- #1

HomogenousCow

- 736

- 210

I'm currently reading Schwartz's QFT text "Quantum Field Theory and the Standard Model" (although this question does not specifically pertain to this text) and I've got two questions:

1. At the beginning of chapter 6 he talks about how we may consider the system to be non-interacting in asymptotic times, ostensibly because "the particles are far apart". I find this very hand-wavy so my question is can this notion be made rigorous?

Take a massless scalar field with a ## \phi^3## interaction, what's stopping a final momentum eigenstate from splitting into two particles each with half the momenta?I don't see how one could find free asymptotic states in a theory such as this.

2. My second question relates to the first question. Take a massive scalar field with a ## \phi^3## interaction for example. Now even though the momentum operator is unaltered by this term, and hence the ##a_p## at fixed times are still creating/annihilating momentum eigenstates, the Hamiltonian is altered with a ## - \frac g {3!} \phi^3## term which means that the ##a^{\dagger}| 0 \rangle## states are no longer energy eigenstates. However the asymptotic states are said to be on-shell, so does that mean that we are altering the Lagrangian/Hamiltonian at asymptotic times? I'm very confused.

1. At the beginning of chapter 6 he talks about how we may consider the system to be non-interacting in asymptotic times, ostensibly because "the particles are far apart". I find this very hand-wavy so my question is can this notion be made rigorous?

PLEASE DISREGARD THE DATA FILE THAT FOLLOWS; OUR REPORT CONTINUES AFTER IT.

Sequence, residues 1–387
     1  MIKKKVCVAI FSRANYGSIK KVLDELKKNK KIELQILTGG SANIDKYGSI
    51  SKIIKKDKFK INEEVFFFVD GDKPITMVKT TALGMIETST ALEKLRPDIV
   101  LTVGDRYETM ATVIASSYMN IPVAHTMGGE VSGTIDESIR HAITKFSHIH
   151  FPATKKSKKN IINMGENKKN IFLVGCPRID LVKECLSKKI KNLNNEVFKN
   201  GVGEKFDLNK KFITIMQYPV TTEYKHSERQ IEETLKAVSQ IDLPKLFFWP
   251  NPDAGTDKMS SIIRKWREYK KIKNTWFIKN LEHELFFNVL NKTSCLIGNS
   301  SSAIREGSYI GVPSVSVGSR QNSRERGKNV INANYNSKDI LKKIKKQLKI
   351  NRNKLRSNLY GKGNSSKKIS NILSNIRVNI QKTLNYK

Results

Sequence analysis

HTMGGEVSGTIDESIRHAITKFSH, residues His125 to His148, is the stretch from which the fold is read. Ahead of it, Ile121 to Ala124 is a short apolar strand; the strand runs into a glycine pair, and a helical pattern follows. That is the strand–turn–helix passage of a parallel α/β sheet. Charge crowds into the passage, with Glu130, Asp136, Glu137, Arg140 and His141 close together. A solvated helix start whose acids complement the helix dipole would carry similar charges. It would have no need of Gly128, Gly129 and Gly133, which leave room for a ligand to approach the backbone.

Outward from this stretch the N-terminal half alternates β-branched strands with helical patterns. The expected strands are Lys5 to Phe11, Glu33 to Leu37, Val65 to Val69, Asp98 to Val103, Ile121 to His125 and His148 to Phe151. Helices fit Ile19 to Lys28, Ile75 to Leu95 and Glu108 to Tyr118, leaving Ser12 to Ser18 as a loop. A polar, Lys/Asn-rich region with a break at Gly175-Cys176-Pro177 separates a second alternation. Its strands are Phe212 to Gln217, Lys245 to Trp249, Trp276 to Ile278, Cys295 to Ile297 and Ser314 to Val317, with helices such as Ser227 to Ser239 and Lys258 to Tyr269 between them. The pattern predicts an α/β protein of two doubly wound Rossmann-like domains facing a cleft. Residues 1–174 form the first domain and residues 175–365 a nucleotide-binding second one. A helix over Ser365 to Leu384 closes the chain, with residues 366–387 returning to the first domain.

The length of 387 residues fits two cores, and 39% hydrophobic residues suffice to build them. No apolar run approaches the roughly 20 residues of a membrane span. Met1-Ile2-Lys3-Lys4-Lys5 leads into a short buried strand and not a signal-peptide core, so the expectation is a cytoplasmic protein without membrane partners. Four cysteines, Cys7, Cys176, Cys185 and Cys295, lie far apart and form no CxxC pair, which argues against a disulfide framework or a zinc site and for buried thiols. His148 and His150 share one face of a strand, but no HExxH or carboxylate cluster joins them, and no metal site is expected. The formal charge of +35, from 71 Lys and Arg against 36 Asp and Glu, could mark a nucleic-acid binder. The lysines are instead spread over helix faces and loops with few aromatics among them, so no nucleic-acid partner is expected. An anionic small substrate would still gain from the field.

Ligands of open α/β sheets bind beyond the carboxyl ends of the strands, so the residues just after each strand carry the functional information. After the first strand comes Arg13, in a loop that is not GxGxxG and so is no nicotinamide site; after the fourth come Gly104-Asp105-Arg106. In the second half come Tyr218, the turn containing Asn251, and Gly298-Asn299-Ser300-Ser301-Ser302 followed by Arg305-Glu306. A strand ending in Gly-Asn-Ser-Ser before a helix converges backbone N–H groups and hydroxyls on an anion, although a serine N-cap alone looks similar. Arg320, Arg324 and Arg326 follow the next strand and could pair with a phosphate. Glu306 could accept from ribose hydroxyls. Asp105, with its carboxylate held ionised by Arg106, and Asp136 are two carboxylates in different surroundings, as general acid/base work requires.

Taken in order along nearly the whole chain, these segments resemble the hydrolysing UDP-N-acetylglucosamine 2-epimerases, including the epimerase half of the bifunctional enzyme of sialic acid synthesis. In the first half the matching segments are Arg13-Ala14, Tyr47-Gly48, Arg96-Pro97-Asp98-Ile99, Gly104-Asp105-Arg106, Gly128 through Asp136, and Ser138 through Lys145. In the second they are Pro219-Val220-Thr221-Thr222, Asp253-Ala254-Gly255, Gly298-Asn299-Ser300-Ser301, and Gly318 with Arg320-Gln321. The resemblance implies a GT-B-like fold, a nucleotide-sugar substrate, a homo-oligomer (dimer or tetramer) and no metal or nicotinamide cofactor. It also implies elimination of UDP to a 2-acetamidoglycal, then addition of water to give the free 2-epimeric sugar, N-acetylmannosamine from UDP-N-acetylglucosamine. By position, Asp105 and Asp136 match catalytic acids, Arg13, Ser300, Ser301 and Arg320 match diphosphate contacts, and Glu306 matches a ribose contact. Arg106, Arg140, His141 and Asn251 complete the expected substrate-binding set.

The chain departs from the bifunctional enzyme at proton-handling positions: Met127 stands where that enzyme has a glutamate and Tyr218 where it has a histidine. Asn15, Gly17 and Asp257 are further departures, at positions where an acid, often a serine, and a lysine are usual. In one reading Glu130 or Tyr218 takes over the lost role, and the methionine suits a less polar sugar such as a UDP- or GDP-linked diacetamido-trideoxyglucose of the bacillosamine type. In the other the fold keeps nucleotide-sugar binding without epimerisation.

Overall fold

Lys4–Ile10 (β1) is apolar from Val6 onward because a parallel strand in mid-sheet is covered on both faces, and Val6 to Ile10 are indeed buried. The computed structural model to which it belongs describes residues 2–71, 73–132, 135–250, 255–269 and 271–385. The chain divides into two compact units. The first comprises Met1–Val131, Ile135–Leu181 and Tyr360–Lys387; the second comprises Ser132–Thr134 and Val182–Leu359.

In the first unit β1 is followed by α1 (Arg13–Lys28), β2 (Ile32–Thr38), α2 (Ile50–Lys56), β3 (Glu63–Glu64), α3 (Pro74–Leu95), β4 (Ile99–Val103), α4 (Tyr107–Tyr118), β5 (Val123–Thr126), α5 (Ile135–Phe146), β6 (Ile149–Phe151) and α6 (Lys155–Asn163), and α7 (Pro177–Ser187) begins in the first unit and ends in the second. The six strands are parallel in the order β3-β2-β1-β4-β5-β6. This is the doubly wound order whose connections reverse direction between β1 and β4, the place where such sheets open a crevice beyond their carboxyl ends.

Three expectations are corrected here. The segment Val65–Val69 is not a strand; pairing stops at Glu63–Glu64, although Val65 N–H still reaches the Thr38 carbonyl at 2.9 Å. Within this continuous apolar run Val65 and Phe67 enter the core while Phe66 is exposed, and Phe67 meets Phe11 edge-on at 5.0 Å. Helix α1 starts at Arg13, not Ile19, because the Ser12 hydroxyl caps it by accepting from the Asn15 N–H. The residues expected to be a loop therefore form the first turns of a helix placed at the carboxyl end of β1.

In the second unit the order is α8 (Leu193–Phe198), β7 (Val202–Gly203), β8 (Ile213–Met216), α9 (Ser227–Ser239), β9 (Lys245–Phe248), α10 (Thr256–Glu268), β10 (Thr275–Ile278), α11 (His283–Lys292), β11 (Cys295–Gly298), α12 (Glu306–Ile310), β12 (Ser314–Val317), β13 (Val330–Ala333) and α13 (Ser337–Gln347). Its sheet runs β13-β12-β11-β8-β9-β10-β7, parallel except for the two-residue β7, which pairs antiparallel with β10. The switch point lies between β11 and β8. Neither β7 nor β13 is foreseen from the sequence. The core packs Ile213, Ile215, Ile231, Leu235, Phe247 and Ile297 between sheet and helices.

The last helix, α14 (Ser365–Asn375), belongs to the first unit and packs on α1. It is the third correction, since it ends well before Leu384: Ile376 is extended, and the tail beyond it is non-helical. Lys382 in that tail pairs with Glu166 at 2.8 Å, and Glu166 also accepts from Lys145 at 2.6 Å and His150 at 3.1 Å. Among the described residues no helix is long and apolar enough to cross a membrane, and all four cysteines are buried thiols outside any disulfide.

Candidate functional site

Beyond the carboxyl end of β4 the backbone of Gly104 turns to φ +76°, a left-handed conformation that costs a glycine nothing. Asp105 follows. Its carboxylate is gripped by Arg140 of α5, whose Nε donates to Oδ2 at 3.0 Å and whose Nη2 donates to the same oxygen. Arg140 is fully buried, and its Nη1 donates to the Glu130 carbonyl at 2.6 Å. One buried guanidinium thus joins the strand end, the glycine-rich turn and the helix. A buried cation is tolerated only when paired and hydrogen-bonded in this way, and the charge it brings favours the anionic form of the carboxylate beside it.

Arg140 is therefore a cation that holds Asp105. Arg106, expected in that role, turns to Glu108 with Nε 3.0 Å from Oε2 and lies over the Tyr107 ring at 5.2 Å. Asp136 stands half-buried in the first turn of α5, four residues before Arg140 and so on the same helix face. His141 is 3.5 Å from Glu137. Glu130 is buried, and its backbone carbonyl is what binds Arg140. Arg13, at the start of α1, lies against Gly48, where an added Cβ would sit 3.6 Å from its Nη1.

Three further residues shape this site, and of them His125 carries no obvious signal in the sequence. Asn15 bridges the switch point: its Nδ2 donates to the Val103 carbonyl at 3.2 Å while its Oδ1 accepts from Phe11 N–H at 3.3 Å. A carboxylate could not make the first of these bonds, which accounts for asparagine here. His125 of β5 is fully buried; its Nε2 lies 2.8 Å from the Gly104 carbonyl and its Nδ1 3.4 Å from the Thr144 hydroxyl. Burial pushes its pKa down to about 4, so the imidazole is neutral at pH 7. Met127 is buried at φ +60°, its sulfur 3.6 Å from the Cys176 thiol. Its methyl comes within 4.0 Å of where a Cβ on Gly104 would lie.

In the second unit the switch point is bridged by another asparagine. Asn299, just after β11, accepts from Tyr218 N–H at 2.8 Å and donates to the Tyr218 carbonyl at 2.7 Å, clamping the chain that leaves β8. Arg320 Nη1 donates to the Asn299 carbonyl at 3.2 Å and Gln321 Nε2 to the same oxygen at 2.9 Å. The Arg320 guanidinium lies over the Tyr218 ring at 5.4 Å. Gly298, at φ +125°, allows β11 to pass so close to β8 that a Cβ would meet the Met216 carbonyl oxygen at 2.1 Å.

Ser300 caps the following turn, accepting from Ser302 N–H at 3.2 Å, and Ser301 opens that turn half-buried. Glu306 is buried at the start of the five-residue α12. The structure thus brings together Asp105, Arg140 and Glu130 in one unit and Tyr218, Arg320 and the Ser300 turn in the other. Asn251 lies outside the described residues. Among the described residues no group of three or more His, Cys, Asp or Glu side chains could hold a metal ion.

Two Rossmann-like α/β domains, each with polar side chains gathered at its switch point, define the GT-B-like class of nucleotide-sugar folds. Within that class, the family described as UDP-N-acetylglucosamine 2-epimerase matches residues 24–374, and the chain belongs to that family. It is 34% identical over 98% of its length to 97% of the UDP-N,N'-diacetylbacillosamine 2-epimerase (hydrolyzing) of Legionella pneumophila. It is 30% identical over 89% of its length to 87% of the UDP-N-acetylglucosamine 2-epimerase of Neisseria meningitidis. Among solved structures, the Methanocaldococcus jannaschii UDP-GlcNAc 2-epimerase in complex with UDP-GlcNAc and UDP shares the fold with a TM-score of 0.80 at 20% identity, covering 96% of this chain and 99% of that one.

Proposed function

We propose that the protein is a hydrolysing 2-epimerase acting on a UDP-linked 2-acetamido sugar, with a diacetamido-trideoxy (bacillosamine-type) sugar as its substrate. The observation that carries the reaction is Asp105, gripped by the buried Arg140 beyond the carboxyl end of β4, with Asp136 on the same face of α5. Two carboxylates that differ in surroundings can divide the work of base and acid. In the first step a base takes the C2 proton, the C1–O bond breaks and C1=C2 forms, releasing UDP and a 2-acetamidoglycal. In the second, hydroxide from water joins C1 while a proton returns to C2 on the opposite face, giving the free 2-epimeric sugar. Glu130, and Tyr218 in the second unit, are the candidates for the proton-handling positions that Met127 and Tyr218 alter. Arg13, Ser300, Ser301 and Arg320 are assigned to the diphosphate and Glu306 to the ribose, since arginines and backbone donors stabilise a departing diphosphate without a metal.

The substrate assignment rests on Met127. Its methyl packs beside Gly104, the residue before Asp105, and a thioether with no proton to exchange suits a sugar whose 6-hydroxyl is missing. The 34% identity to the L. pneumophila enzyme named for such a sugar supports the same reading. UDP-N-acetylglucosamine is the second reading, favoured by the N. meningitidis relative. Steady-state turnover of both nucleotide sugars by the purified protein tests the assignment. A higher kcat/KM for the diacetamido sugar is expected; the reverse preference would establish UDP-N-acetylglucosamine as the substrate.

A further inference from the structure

Take a massless scalar field with a ## \phi^3## interaction, what's stopping a final momentum eigenstate from splitting into two particles each with half the momenta?I don't see how one could find free asymptotic states in a theory such as this.

2. My second question relates to the first question. Take a massive scalar field with a ## \phi^3## interaction for example. Now even though the momentum operator is unaltered by this term, and hence the ##a_p## at fixed times are still creating/annihilating momentum eigenstates, the Hamiltonian is altered with a ## - \frac g {3!} \phi^3## term which means that the ##a^{\dagger}| 0 \rangle## states are no longer energy eigenstates. However the asymptotic states are said to be on-shell, so does that mean that we are altering the Lagrangian/Hamiltonian at asymptotic times? I'm very confused.

Last edited: